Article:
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Unfriendly Fire

A soldier’s suspicious death spurs public anger in Azerbaijan, and brings grieving parents into the streets.

by Shahla Sultanova 28 January 2013

BAKU | He was the only one left. The protest was ending. A few police milled about, maintaining discipline; a few activists happily discussed the day's high points; the journalists packed up their stuff to go. But the old man was still there, sitting on a bench, holding a portrait of a young man in military uniform.

 

The quiet, lone protest got the attention of passersby, some of whom stopped and asked: Who’s the young man? My son, the man explained, killed during his army service.

 

When photographers also started paying attention, the police swung by. They asked the old man to follow an officer who appeared to be in charge. Beyali Azizov disappeared from Baku's Fountain Square still holding the picture of his son, Elkhan, who died during his army service in January 2010.

 

Protest in Baku 2013Parents and relatives of soldiers who have died while on military duty show photos of their loved ones during a 12 January protest in Baku.

 

Not far away, a man in his late 40s was stopping people with cameras, assuming them to be reporters. He introduced himself as Telman Safarov. Under his coat was a portrait of his son, Nurlan, who died on duty in 2011, a reported suicide. Safarov said he was afraid that if he showed the picture openly it would be confiscated by the undercover police who are a well-known presence at Baku demonstrations.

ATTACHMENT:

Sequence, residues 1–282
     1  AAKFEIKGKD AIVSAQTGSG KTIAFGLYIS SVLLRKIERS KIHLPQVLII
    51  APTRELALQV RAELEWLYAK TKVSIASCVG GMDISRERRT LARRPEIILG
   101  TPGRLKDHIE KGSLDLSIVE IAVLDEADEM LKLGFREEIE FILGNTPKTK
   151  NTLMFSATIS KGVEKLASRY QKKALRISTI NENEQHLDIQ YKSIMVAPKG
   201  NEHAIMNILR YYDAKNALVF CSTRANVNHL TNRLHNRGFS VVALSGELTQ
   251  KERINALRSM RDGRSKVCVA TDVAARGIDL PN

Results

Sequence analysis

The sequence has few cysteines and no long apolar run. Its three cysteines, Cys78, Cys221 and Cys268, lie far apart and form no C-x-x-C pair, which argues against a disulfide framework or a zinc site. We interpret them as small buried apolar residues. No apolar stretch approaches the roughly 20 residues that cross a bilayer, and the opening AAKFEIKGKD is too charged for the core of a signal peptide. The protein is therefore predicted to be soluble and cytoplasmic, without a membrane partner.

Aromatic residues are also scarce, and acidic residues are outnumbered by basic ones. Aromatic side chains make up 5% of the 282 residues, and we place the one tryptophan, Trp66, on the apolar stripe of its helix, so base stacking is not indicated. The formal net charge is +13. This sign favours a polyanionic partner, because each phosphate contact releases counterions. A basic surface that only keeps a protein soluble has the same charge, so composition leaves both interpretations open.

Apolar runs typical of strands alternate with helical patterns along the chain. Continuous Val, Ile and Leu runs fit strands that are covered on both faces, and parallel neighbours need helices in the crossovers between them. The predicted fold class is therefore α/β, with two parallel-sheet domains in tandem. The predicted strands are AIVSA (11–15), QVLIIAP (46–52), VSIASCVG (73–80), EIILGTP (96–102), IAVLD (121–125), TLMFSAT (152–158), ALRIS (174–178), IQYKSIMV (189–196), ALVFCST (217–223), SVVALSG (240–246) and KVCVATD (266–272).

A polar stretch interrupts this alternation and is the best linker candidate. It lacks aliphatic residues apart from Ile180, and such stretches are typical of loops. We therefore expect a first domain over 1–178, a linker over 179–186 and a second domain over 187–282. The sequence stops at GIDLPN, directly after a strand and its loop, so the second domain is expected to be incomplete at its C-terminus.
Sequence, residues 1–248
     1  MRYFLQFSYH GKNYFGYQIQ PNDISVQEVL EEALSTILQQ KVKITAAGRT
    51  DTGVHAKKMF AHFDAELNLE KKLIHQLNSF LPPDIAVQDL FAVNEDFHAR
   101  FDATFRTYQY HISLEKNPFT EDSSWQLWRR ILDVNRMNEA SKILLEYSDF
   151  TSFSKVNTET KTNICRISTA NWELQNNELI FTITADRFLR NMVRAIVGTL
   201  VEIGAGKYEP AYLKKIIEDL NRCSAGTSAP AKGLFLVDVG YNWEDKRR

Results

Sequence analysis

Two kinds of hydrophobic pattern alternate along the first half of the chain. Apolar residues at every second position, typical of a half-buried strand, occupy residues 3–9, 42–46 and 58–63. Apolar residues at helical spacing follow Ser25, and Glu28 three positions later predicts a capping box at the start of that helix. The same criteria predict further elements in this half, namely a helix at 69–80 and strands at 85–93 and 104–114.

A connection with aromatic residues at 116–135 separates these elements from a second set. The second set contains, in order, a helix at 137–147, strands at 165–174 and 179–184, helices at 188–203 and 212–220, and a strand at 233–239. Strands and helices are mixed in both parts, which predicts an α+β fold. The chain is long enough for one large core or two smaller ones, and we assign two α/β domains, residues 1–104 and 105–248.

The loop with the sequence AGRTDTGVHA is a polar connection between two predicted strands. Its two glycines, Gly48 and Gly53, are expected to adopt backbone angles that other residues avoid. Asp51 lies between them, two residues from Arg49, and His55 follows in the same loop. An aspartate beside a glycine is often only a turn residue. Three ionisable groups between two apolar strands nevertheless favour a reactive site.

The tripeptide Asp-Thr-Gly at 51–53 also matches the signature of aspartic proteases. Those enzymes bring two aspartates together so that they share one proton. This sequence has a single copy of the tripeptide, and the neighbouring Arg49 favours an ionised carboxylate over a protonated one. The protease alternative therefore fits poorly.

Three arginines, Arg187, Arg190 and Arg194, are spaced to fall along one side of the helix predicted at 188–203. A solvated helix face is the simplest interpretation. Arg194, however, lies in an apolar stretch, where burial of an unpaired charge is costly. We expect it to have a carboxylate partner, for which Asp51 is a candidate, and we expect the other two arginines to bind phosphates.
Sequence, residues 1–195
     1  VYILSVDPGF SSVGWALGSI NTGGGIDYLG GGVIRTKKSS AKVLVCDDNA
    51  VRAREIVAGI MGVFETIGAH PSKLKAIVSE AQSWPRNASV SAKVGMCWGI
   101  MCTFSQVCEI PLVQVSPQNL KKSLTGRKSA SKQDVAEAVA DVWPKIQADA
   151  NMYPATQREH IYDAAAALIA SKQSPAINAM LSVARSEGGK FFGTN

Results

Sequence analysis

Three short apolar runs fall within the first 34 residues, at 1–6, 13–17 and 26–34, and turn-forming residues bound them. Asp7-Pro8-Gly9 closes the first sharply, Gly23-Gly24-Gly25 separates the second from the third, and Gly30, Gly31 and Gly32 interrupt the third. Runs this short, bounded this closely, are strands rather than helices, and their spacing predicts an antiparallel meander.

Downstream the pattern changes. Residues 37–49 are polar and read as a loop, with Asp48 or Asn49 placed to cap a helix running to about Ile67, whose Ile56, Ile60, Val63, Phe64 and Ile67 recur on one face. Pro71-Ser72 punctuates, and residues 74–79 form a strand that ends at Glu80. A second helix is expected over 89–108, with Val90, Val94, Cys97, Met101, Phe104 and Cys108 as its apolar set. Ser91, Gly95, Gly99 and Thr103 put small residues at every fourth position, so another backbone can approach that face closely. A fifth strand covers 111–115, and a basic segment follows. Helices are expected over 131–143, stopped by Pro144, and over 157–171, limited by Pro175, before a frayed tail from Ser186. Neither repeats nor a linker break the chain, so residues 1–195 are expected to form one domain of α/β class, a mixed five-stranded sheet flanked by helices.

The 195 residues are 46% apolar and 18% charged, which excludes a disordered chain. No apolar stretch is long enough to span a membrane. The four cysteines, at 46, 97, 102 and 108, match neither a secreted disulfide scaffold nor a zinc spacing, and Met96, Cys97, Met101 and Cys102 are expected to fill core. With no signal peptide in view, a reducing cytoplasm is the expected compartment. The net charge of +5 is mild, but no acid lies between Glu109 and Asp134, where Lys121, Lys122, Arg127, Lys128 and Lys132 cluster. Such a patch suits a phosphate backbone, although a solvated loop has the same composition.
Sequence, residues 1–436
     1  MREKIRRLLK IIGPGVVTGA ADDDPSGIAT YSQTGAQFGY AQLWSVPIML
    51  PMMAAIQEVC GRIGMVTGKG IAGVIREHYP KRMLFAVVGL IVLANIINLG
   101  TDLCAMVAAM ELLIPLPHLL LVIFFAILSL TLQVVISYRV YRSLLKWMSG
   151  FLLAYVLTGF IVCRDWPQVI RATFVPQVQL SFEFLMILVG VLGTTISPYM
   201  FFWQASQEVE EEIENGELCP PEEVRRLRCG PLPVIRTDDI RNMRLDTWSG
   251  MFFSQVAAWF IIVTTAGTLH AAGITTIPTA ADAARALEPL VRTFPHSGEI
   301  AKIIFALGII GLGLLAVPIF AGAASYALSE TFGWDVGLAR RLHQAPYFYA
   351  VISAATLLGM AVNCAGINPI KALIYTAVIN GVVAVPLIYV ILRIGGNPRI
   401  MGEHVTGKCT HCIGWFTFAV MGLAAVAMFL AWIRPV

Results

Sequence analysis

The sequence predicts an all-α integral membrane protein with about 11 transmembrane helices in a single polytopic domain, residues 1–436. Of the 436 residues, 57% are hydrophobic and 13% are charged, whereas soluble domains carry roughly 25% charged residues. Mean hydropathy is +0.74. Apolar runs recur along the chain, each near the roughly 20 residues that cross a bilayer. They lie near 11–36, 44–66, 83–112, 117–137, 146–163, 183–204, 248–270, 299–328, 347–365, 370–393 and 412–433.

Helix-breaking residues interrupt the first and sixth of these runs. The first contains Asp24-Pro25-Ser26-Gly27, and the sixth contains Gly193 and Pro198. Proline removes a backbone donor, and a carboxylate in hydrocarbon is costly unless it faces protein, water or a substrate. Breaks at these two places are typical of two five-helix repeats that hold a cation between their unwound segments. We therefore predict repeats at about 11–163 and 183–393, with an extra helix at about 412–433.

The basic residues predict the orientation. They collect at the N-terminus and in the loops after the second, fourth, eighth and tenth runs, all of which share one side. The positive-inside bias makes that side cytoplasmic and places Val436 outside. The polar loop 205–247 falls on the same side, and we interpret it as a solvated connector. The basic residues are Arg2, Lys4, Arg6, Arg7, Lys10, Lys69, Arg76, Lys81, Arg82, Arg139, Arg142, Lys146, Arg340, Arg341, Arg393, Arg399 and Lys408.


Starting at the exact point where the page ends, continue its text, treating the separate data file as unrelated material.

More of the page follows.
Many more parents with similar stories were among the protesters who marched to Fountain Square on 12 January to call attention to an issue that has only recently bubbled into open public discussion: the deaths in recent years of hundreds of Azerbaijani soldiers off the battlefield.

 

According to the Doktrina Center in Baku, a military-research resource for journalists, 647 members of the Azerbaijani army died from 2003 through 2012, 472 of them in non-combat situations. Most have remained anonymous, or, if covered by the media – as were Elkhan Azizov and Nurlan Safarov – faded quickly from the headlines.

 

That changed with the death on 7 January of Ceyhun Qubatov, an 18-year-old soldier, at the Shamkir army post in western Azerbaijan. His mother, Samira Qubatova, was told the cause was heart failure. But pictures of his body taken by family members showed signs of physical injuries.

 

The photographs, uploaded to the Internet by Qubatov’s family, spread quickly via social media, then were picked up by traditional media. That spurred unusually quick official action. The Military Prosecutor's Office opened a criminal investigation. On 10 January, Lt. Gen. Rovshan Akberov, the commander at Shamkir, was reprimanded by order of the defense minister. The head of Qubatov’s unit was demoted, and other ranking officers were relieved of their posts. (The government has not given details on why specifically the officers were disciplined, only that it was related to the young soldier’s death.)